I don't think zookeeper is solved - since you need the unique identifier in each container. I think you could do this with 3 separate replication controllers (one per instance) or a mode on the replication controller.

@bgrant0607 bgrant0607 added the design label Jul 17, 2014

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Service design I think deserves some discussion as Brian notes. Currently it couples an infrastructure abstraction (local proxy) with a mechanism for exposure (environment variables in all containers) with a label query. There is an equally valid use case for an edge proxy that takes L7 hosts/paths and balances them to a label query, as well as supporting protocols like http(s) and web sockets. In addition, services have a hard scale limit today of 60k backends, shared across the entire cluster (the amount of IPs allocated). It should be possible to run a local proxy on a minion that proxies only the services the containers on that host need, and also to avoid containers having to know about the external port. We can move this discussion to #494 if necessary.

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smarterclayton commented Jul 22, 2014

Service design I think deserves some discussion as Brian notes. Currently it couples an infrastructure abstraction (local proxy) with a mechanism for exposure (environment variables in all containers) with a label query. There is an equally valid use case for an edge proxy that takes L7 hosts/paths and balances them to a label query, as well as supporting protocols like http(s) and web sockets. In addition, services have a hard scale limit today of 60k backends, shared across the entire cluster (the amount of IPs allocated). It should be possible to run a local proxy on a minion that proxies only the services the containers on that host need, and also to avoid containers having to know about the external port. We can move this discussion to #494 if necessary.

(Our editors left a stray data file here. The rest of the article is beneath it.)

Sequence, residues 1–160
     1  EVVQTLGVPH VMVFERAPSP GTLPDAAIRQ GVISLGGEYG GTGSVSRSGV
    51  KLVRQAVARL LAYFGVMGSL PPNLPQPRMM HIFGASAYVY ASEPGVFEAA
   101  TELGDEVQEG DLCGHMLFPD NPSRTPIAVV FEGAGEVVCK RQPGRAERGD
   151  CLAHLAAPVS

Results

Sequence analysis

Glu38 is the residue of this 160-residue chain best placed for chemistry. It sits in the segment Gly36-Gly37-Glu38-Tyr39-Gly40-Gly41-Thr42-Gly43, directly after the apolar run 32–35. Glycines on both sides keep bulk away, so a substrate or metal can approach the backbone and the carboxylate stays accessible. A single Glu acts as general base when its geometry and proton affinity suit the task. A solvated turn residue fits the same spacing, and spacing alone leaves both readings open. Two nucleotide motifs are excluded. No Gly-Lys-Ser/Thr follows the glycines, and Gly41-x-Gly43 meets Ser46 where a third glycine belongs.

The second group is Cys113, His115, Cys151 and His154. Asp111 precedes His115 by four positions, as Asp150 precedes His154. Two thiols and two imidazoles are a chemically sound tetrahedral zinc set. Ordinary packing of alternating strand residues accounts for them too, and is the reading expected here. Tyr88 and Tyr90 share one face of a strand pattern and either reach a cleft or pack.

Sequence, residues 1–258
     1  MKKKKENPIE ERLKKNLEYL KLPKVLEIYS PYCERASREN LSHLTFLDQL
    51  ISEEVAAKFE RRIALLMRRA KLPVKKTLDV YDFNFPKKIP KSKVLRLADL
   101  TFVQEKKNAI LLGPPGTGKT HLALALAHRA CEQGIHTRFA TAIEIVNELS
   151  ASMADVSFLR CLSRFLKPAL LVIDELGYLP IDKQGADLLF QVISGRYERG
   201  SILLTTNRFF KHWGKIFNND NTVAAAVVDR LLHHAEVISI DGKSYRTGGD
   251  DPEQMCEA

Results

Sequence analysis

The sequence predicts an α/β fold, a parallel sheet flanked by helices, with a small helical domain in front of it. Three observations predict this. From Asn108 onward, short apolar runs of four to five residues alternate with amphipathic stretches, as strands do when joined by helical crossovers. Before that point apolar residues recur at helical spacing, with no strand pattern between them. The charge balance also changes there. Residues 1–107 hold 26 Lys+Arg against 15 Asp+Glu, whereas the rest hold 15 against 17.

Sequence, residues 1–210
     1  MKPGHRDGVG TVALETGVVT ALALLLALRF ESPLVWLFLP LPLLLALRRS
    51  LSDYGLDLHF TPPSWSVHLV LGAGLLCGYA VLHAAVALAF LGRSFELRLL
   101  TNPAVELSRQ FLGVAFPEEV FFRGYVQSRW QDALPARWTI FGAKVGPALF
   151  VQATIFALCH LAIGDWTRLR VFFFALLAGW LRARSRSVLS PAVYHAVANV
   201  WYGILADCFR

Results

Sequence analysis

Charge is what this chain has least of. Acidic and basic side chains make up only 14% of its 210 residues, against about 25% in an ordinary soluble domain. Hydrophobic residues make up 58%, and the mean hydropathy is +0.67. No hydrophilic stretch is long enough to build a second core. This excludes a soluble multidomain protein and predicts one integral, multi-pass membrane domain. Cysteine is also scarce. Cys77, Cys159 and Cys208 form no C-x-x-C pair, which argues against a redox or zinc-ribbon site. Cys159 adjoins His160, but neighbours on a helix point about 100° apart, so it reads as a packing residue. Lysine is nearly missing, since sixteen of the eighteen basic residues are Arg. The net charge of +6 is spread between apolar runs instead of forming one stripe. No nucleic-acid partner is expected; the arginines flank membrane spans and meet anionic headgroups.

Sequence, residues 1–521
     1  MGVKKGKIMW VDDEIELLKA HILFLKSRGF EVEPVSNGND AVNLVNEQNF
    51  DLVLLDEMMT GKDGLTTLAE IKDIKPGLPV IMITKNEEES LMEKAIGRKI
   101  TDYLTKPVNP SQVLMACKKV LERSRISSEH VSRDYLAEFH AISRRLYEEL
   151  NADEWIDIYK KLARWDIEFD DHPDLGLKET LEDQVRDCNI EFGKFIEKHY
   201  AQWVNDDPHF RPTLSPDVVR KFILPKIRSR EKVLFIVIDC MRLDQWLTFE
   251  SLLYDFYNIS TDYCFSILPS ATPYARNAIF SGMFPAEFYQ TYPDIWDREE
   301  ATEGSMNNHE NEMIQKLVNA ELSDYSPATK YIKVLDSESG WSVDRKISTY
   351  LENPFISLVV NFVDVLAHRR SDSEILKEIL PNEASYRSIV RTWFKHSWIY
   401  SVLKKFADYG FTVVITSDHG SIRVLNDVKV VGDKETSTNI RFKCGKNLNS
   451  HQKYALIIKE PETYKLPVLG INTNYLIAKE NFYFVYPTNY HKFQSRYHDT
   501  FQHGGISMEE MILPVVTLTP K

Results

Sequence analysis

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bgrant0607 Oct 2, 2014

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Tackling the problem of singleton services and non-auto-scaled services with fixed replication, such as master-slave replicated databases, key-value stores with fixed-size peer groups (e.g., etcd, zookeeper), etc.

The fixed-replication cases require predictable array-like behavior. Peers need to be able to discover and individually address each other. These services generally have their own client libraries and/or protocols, so we don't need to solve the problem of determining which instance a client should connect to, other than to make the instances individually addressable.

Proposal: We should create a new flavor of service, called Cardinal services, which map N IP addresses instead of just one. Cardinal services would perform a stable assignment of these IP addresses to N instances targeted by their label selector (i.e., a specified N, not just however many targets happen to exist). Once we have DNS ( #1261, #146 ), it would assign predictable DNS names based on a provided prefix, with suffixes 0 to N-1. The assignments could be recorded in annotations or labels of the targeted pods.

This would preserve the decoupling of role assignment from the identities of pods and replication controllers, while providing stable names and IP addresses, which could be used in standard application configuration mechanisms.

Some of the discussion around different types of load balancing happened in the services v2 design: #1107.

I'll file a separate issue for master election.

/cc @smarterclayton @thockin

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bgrant0607 commented Oct 2, 2014

Tackling the problem of singleton services and non-auto-scaled services with fixed replication, such as master-slave replicated databases, key-value stores with fixed-size peer groups (e.g., etcd, zookeeper), etc.

The fixed-replication cases require predictable array-like behavior. Peers need to be able to discover and individually address each other. These services generally have their own client libraries and/or protocols, so we don't need to solve the problem of determining which instance a client should connect to, other than to make the instances individually addressable.

Proposal: We should create a new flavor of service, called Cardinal services, which map N IP addresses instead of just one. Cardinal services would perform a stable assignment of these IP addresses to N instances targeted by their label selector (i.e., a specified N, not just however many targets happen to exist). Once we have DNS ( #1261, #146 ), it would assign predictable DNS names based on a provided prefix, with suffixes 0 to N-1. The assignments could be recorded in annotations or labels of the targeted pods.

This would preserve the decoupling of role assignment from the identities of pods and replication controllers, while providing stable names and IP addresses, which could be used in standard application configuration mechanisms.

Some of the discussion around different types of load balancing happened in the services v2 design: #1107.

I'll file a separate issue for master election.

/cc @smarterclayton @thockin

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The assignments would have to carry through into the pods via some environment parameterization mechanism (almost certainly).